Why does my breath smell like acetone?
People often associate strong smelling breath with the food someone has eaten or poor dental hygiene. But it may reveal much more than that.
If a person's breath smells like acetone or nail polish remover, it could indicate health conditions, including diabetes.
The way a person's breath smells can be an indicator of their overall health. This article explores why a person's breath might smell like acetone and what this might mean about their health.
Contents of this article:
How diabetes can affect breath
Diabetes can affect the way a person's breath smells and can cause bad breath, or halitosis. In a 2009 study, researchers found that analyzing a person's breath helped to identify prediabetes when diabetes is in its early stages.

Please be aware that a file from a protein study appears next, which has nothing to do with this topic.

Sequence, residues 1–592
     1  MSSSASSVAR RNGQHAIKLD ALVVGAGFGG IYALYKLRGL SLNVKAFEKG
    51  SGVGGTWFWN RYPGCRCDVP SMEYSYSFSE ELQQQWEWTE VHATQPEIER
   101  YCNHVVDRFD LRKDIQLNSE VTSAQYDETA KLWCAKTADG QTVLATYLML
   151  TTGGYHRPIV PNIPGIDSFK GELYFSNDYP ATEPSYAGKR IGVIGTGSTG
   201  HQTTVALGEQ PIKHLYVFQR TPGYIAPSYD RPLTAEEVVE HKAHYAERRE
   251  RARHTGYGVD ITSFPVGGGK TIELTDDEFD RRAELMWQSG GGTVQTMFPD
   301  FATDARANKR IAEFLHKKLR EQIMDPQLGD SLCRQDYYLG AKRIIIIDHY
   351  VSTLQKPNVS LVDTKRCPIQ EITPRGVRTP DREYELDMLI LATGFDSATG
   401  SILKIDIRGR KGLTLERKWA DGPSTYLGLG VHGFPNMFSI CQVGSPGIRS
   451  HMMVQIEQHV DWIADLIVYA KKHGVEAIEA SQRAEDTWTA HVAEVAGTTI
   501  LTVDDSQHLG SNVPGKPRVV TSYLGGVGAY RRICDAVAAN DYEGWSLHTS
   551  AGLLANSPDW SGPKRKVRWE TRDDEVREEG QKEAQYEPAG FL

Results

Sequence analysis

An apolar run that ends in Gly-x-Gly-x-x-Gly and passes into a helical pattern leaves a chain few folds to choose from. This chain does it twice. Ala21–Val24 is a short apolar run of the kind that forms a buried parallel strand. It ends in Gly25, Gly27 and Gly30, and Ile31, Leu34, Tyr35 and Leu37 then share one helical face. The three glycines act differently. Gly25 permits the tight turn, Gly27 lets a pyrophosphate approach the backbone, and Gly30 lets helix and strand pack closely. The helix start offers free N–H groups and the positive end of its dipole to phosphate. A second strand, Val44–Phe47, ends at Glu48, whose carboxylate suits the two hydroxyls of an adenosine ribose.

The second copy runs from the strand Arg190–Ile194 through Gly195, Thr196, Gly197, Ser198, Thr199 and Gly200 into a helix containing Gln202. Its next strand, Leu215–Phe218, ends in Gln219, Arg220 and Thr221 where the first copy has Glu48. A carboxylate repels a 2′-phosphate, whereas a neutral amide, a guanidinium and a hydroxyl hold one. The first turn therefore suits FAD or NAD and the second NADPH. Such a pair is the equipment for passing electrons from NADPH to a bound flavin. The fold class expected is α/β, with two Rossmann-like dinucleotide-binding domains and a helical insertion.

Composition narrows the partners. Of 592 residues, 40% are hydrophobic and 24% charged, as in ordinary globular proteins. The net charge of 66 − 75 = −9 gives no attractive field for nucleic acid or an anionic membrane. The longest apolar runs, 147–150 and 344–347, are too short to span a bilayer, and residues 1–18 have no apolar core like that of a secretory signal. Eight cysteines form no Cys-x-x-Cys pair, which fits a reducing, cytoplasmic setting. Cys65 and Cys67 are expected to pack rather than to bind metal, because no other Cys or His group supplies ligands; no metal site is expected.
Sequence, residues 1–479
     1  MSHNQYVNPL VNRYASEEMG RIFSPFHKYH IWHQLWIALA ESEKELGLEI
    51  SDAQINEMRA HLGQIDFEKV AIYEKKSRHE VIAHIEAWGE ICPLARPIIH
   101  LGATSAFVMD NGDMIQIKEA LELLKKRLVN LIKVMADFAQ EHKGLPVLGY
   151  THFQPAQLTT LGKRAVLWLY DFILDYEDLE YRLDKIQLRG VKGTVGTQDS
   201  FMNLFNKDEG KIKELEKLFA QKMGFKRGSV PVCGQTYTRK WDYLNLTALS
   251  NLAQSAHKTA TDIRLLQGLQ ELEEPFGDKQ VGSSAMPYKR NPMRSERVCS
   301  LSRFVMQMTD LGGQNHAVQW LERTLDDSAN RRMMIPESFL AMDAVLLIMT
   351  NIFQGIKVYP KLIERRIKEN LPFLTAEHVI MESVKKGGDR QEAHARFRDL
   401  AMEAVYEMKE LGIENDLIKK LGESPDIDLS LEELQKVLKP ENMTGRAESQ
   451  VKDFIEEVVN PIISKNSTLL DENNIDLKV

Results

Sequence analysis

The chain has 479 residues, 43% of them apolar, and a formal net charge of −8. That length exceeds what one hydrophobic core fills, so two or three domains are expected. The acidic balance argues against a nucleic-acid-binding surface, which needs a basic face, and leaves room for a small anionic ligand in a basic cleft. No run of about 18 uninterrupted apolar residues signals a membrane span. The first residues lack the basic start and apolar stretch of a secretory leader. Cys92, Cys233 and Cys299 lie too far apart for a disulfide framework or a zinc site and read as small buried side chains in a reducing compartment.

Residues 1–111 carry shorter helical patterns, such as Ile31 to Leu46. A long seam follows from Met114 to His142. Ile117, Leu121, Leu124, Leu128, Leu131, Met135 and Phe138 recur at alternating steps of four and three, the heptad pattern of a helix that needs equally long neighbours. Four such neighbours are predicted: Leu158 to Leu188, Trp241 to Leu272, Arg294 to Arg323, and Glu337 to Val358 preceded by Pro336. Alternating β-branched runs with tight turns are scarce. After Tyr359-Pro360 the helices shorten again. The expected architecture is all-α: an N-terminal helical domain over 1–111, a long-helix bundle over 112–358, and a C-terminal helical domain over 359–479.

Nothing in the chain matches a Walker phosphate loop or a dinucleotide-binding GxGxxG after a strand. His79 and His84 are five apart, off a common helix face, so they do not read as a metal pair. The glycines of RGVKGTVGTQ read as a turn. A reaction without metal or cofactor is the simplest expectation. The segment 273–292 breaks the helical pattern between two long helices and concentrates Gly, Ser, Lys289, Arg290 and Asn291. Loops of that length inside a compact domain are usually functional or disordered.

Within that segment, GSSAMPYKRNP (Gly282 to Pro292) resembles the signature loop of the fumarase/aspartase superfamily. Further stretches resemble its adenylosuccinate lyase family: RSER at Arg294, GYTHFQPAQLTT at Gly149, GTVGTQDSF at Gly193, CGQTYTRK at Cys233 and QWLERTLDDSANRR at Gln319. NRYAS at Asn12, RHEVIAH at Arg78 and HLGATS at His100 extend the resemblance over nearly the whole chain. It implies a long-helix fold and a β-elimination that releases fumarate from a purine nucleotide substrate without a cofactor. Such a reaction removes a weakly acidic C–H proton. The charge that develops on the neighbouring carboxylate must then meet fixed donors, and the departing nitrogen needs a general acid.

There are two conditions associated with diabetes that can cause bad breath: gum disease and a high ketone level.
The proper name for gum diseases in periodontal disease, and its forms include:
Diabetes can be associated with an increased risk of gum disease, which may cause a person's breath to smell bad. However, gum disease does not cause a person's breath to smell like acetone.
If a person has diabetes and their breath smells like acetone, this is usually caused by high levels of ketones in the blood.
Diabetes and acetone breath
When diabetes is not managed well, the body does not make enough insulin to break down glucose in the blood. This means that the body's cells do not receive enough glucose to use as energy.
When the body cannot get its energy from sugar, it switches to burning fat for fuel instead. The process of breaking down fat to Continue reading